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Nov 22, 2012 12:00am PST
groups. >> woodruff: eliza newlin carney, how did you see the difference between money spending this year and four years ago? >> yeah, there's no question that the outside spending was the big takeaway from this election. as you said, it was more than three times what had been spent four years ago, and most of that was spent by the super pacs, created by the of citizenses united decision and a lower court ruling called "speech now," and the politically active tax exempt groups which also represented the other most important trend hereby the growth in undisclosed money. these groups call themselves social welfare groups even though they're very political in their messages, and social welfare groups don't have to say who their donors are or where their money comes from. so that's a really big change. >> woodruff: matea gold, how did they operate differently from what we've seen in the past? many of them don't have to disclose-- some do, but many don't. what else was different? >> well, i think as, liga mentioned, the c-4 activity is new. we saw it in past elections but citizenses united gav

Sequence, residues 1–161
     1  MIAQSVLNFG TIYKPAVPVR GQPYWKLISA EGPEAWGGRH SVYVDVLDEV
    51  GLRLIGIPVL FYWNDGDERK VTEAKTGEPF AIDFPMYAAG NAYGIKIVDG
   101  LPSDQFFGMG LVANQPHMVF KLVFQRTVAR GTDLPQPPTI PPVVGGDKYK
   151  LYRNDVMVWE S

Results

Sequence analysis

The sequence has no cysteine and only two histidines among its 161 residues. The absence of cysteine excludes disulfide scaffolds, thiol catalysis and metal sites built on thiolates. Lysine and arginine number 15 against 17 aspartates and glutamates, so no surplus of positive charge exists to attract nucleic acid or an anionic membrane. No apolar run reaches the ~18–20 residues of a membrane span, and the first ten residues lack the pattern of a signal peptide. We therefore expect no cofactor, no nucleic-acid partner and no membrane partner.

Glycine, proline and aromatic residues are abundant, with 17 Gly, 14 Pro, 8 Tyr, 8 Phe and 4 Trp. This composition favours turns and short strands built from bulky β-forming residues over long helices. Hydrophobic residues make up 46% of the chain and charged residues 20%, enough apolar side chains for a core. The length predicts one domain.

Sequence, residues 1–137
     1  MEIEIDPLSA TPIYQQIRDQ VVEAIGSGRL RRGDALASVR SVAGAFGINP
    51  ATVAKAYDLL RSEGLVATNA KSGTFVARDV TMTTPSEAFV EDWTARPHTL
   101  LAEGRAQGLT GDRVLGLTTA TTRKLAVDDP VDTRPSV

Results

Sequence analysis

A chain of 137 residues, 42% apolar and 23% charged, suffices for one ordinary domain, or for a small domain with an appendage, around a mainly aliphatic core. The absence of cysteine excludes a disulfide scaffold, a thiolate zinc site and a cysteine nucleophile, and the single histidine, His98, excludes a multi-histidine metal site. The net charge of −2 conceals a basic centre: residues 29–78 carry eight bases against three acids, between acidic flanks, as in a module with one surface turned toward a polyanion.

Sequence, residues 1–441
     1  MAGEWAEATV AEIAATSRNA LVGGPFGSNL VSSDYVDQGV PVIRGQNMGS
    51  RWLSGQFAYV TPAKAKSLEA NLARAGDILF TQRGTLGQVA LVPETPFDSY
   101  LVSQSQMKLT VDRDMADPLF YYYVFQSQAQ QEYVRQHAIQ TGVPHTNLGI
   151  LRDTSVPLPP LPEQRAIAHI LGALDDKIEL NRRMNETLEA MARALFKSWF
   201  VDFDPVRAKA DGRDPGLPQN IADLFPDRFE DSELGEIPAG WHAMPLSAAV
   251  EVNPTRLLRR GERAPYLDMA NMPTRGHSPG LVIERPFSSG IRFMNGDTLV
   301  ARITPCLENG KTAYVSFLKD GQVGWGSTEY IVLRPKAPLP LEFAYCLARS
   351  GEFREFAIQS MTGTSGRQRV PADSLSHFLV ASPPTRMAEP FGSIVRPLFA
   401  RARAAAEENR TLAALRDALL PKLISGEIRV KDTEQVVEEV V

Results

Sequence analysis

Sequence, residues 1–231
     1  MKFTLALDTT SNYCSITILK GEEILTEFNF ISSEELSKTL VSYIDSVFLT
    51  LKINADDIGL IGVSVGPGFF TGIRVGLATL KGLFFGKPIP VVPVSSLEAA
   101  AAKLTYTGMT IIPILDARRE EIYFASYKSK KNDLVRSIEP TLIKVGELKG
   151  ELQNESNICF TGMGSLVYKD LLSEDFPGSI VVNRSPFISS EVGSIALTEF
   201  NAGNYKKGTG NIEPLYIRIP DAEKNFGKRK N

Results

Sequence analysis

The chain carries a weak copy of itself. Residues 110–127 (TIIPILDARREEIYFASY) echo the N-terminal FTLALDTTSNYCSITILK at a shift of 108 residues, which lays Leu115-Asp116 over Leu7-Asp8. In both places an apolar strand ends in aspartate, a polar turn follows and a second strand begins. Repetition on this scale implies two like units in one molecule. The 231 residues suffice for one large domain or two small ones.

Nov 21, 2012 6:00pm PST
: matea gold of "the los angeles times." and eliza newlin carney, who covers this for "roll call" newspaper. and we thank you both for being with us. matea gold, let me start with you. most expensive election in history. how did that manifest itself? >> well, i think there's no question money played a remarkable and prominent role in this campaign in a way we haven't seen in recent years. this was the first presidential campaigns since a series of important federal government decisions, including the supreme court's decision in citizenses united that opened the door to more outside spending. that's what drove us to the record $6 billion spending you mentioned. outside groups played this enormous role, both pummeling the airwaves with ads from the presidential campaigns and senate and house races. i think there's no question they made the tenor of all the campaigns much more negative. and they also really contributed to a kind of inflation in campaign spending and campaign fund-raising. president obama raised a record $1 billion largely because he was warning his supporters urgent
Search Results 0 to 4 of about 5 (some duplicates have been removed)